As comedian Sarah Silverman pledges to stop making homophobic ‘jokes,’ Billy Eichner chimes in

Sarah Silverman
Photo: YouTube

Shortly after black comedian Kevin Hart stepped down from hosting the Oscars over his past homophobic tweets and stand-up routines, American rapper Nick Cannon posted similarly homophobic jokes made in the past by white female comedians Sarah Silverman, Amy Schumer and Chelsea Handler.

Cannon wondered whether these white women faced any similar backlash for their use of anti-gay slurs. For a while, the comediennes didn’t respond — Schumer and Handler still haven’t — but Silverman has since stating that she’ll no longer use gayness as a punchline.

When asked about Cannon’s post by TMZ, Silverman replied, “Yeah, I’m done with that. I think I can find other ways to be funny. I mean, I used to say ‘gay’ all the time…’Oh, that’s so gay.’ We’re from Boston, we’d go, ‘That’s what we say in Boston. I have gay friends. I just say gay.’ And then I heard myself and I realized I was like the guy who said ‘What? I say colored…I have colored friends.’ And I realized it was stupid and I’m certainly creative enough to think of other words besides that, that don’t hurt people. But I f*ck up all the time.”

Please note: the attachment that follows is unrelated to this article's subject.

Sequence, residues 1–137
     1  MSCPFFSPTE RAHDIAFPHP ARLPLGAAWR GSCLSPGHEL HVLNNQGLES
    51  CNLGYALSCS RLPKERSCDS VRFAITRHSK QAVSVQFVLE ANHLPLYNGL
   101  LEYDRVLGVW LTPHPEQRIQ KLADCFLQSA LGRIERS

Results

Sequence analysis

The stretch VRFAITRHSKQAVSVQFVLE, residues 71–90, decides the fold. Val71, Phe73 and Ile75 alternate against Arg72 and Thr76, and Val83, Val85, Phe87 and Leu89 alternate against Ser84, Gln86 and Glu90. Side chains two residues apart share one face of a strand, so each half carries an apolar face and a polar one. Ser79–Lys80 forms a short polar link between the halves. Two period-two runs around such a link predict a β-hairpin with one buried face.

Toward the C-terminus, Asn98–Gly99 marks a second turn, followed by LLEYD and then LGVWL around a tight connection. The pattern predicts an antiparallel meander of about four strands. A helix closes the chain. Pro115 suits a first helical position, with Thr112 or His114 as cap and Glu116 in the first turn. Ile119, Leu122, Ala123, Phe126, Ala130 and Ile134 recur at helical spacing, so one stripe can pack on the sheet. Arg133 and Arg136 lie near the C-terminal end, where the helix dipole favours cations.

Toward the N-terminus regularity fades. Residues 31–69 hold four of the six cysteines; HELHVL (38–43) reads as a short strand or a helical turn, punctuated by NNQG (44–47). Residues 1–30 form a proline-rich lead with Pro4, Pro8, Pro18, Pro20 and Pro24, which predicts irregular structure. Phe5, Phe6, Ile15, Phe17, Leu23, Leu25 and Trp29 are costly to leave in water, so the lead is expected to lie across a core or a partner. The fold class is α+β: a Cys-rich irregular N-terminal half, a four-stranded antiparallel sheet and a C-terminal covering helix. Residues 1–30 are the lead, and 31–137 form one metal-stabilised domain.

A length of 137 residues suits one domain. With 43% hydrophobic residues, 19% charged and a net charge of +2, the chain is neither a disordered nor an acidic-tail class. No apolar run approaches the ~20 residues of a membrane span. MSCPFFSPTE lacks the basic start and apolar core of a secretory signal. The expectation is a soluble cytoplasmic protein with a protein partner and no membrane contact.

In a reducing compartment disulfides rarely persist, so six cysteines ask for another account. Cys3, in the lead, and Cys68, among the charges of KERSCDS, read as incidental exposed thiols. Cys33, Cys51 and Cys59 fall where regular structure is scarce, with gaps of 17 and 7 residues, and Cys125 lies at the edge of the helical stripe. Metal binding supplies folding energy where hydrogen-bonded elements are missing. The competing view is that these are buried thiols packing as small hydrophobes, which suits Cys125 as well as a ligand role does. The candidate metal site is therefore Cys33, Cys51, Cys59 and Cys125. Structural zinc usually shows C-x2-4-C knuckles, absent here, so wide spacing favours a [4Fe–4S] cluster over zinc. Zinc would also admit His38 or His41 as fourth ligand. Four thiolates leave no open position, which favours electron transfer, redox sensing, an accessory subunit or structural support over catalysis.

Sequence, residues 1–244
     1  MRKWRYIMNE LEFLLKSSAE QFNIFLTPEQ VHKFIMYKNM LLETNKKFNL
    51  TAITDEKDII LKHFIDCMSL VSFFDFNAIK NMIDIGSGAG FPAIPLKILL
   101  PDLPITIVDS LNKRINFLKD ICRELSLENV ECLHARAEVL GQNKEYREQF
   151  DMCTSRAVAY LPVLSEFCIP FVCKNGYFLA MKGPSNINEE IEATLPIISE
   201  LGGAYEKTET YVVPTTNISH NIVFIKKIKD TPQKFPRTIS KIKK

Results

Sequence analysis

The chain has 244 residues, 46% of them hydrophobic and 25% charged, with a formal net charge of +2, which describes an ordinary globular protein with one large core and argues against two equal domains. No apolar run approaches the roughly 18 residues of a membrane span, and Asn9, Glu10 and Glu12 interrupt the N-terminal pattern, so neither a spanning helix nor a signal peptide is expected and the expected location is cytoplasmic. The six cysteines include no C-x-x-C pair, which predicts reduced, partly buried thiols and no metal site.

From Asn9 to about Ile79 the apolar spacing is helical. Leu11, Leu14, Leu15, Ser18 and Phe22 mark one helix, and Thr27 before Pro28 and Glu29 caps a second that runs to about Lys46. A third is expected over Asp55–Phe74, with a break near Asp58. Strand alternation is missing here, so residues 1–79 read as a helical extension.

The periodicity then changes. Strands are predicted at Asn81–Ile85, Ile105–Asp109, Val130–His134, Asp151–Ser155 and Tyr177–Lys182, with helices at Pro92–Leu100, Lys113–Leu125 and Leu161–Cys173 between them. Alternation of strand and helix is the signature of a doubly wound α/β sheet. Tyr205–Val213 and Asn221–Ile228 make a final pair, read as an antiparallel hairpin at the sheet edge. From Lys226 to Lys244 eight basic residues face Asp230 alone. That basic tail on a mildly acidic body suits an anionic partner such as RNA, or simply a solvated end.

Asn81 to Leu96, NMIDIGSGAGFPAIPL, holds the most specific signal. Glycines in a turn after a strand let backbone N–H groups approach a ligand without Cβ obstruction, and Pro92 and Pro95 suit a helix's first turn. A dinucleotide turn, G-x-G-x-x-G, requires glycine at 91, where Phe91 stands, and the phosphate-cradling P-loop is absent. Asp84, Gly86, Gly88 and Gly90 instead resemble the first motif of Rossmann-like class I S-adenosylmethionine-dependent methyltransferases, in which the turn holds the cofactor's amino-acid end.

Opinions have been divided over what to make of homophobic humor, especially when it’s directed at hyper-masculine authoritarians like US President Donald Trump and Russian President Vladimir Putin. To some, such homophobia is lazy and perpetuates anti-gay sentiment. Others see homophobic jokes as irreverent and subversive attempts to shatter fragile masculinity.

In a popular Twitter thread, gay author Greg Hogben commented that gay people were quicker to forgive Silverman, Schumer and Handler because all three women had been vocal in their support of LGBTQ rights. Hart had no similar history when his anti-gay jokes resurfaced.

Gay comedian Billy Eichner said he considered Cannon’s point as “compelling” and added, “Here’s my personal opinion: Just don’t use the word. It’s as simple as that. There are so many other words to use. Now, because I am a grown up and not a child, I do take context, nuance and *intention* into consideration.”

He continued, “I agree that the best thing to do is to just not use the damn word! As a gay man, unless it’s perhaps a gay friend of mine saying it to me at a LIVELY BRUNCH, I don’t like hearing it. Even when I know it’s coming from an ally – and certainly when I know that it isn’t. It’s not a fun word for us to hear at this point. We’ve come too far. So maybe let’s just drop it.”

Related: Comedian goes on bizarre offensive anti-gay rant to prove he’s (not) an ally

Commenting specifically on Hart’s tweets, Eichner said, “Many of us, myself included, have made jokes/tweets in the past that we deeply regret. Kevin decided to quit on his own volition. He had his reasons and that’s obviously his prerogative. But I’m not into people being permanently ‘cancelled’ over something like this.

He wrote, “To me, ‘cancellation’ is childish. I’m into conversation, not cancellation. I’m into owning up to past mistakes, acknowledging blindspots and hurtful remarks, talking through it, discussing it, learning, moving past it and making progress together.”

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